There are over 150 “Hubway” bicycle rental stations peppered throughout the Boston metropolitan area, where anyone can rent a bicycle and return it to any other Hubway station once they are done. There are numerous bike paths, bike lanes and cyclists are welcome on all public Boston streets and even the sidewalks, so cycling is a very popular mode of transportation in a city that’s notoriously hard to drive in.  Cambridge was listed in 2006 by Bicycling magazine to be one of the friendliest cycling cities. Boston, however, has been noted in the past as one of the most dangerous cities for cyclists, though it is making strides to improve. More and more projects are being completed with “complete streets” initiatives, which puts an impetus on the safety of pedestrians and cyclists.

Still, no matter of safety measures or precautions can prevent accidents from occurring, such as a deadly accident that just happened in Porter Square in Cambridge on Oct 5. Boston Emergency Medical Services records showed that an average of 520 fatal and nonfatal cycling accidents occurred annually in Boston between 2010 and 2014.  Accidents that involve cyclists can obviously be much more damaging to an individual, and potentially deadly, than accidents merely involving two cars. It is imperative for cyclists to observe local ordinances and also use common sense when heading out into an automobile-dominated, urban environment.

Cycling safety tips

  • Make sure your bike is prepared for a commute. Check to make sure your tires are properly inflated, that your brakes are working and that your reflectors are in good shape. Adjust your seat height and positioning so it is comfortable to both sit and stand
  • When possible, avoid riding at night. If you must ride while it’s dark, wear reflective tape, bands or bright colored clothes. Visibility is your best method to avoid accidents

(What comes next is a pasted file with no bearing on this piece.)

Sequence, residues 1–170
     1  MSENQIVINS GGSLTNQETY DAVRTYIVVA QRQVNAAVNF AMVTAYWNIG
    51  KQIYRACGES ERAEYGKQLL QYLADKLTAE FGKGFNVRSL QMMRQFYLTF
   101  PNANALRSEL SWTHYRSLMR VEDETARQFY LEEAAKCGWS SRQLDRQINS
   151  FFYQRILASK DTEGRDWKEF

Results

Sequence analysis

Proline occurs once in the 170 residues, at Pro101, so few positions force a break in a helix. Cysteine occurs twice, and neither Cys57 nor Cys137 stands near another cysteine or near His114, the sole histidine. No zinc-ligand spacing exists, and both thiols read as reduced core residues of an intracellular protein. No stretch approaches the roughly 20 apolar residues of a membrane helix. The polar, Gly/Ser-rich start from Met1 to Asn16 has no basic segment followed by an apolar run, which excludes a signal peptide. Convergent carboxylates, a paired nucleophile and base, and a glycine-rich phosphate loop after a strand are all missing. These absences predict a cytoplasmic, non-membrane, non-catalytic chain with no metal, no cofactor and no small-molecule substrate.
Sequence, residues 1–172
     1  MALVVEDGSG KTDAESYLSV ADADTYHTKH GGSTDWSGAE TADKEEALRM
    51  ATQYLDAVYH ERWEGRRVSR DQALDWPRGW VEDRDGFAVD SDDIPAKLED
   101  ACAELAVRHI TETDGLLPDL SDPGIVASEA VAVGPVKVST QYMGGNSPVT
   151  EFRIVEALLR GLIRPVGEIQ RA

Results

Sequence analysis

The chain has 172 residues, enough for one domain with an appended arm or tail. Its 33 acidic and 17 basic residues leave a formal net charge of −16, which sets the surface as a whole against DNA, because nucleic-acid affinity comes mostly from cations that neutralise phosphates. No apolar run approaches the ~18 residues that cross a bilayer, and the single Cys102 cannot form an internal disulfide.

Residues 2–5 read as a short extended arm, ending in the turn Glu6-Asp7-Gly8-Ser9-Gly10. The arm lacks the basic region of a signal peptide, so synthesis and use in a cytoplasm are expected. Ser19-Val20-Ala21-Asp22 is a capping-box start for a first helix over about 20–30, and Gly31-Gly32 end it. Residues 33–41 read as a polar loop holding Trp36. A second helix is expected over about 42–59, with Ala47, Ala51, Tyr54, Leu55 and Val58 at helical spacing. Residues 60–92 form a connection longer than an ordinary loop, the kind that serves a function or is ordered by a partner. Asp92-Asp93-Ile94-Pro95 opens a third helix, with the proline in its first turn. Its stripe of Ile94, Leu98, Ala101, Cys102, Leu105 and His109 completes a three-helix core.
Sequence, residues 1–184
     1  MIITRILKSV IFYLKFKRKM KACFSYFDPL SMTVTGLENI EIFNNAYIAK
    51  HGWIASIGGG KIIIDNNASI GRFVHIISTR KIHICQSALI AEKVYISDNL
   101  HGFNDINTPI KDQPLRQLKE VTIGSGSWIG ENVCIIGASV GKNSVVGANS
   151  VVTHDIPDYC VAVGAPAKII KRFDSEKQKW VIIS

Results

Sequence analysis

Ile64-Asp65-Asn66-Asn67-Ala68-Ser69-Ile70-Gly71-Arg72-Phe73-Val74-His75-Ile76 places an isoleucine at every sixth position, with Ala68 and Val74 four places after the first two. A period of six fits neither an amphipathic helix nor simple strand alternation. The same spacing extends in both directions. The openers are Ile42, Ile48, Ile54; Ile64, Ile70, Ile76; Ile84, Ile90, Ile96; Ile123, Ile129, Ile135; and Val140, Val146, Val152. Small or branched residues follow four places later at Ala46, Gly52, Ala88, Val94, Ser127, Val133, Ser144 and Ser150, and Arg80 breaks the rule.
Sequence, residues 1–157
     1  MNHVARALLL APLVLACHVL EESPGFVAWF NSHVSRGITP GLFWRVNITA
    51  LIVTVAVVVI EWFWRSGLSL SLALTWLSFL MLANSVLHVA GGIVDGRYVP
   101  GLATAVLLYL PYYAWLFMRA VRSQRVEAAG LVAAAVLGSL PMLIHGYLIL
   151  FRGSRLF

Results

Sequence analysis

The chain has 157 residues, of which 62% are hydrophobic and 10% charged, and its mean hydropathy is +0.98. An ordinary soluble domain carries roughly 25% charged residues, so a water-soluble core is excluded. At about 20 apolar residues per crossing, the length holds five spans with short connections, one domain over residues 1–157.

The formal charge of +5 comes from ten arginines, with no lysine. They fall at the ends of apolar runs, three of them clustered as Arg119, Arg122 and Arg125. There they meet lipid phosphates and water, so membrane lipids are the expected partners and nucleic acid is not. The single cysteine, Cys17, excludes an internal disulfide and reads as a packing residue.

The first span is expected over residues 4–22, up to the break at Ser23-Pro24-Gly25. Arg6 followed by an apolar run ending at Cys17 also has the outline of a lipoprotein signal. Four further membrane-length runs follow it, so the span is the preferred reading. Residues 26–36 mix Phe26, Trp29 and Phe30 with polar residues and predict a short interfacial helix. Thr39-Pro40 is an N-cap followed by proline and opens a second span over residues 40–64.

• Always maintain control with at least one hand on the handlebars at all times
  • Avoid road hazards such as construction or precariously small, highly-trafficked streets
  • Follow all traffic rules. If you are riding on the street, you must obey all signs and traffic lights. You must signal all left and right turns with hand signals.
  • If you are riding on the sidewalk, you must alert pedestrians that you are passing by with a bell or a verbal call. In some areas, cycling on the sidewalk is prohibited.
  • Never cross the street unless at a pedestrian crossing. Emerging from in between parked cars is incredibly dangerous and gives motorists little time to react
  • Do not ride sporadically or weave in and out of traffic. Maintain straight lines and be predictable
  • Keep an eye out for parked cars. Crashes often occur when a motorist opens their door without looking behind them. Give enough space between yourself and parked cars to avoid this
  • Although it is tempting, avoid listening to music while riding. Being able to hear oncoming traffic or a car horn may save your life.

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The benefits of bicycling are hard to deny. This form of transportation is great for your health, your pocket, and the environment. But if you live in a major city, such as Boston, it can also be dangerous. With proper equipment, training, and safe-riding practices, you can dramatically reduce your risk of injury or death in a bicycle accident. The two scenarios below are responsible for a significant number of serious bicycle accidents every year. Contact a Boston Bicycle Accident Lawyer Today.

Dooring

If you’re not an avid cyclist, you probably have no idea what the term ‘dooring’ means. But cyclists, especially those who frequently ride in cities, know exactly what dooring is. In Boston, most cyclists are required to ride in specified bike lanes or on the right-hand side of traffic. This requirement often places bicyclists dangerously close to parked cars. Because motor vehicle passengers and drivers are required to look for bicyclists prior to opening a door, the door opener is typically liable in a dooring accident.

Dooring occurs when a cyclist crashes into an open car or truck door. However, it’s rarely an open-and-shut case (no pun intended). Depending on the circumstances, the door opener can argue multiple reasons why the dooring wasn’t his or her fault. For example, if there was no other traffic at the time of the accident, the door opener might claim that the bicyclist had ample time and space to avoid the open door. Although it may sound like a ‘freak accident’, dooring is actually quite common. In fact, about 10% of all motor vehicle-bicycle crashes are due to dooring. Also, dooring accidents can be very serious, head injuries and spinal injuries can occur from this type of accident. If you have just parked your car make sure you look out your mirrors to see who and what may be driving by.  Continue reading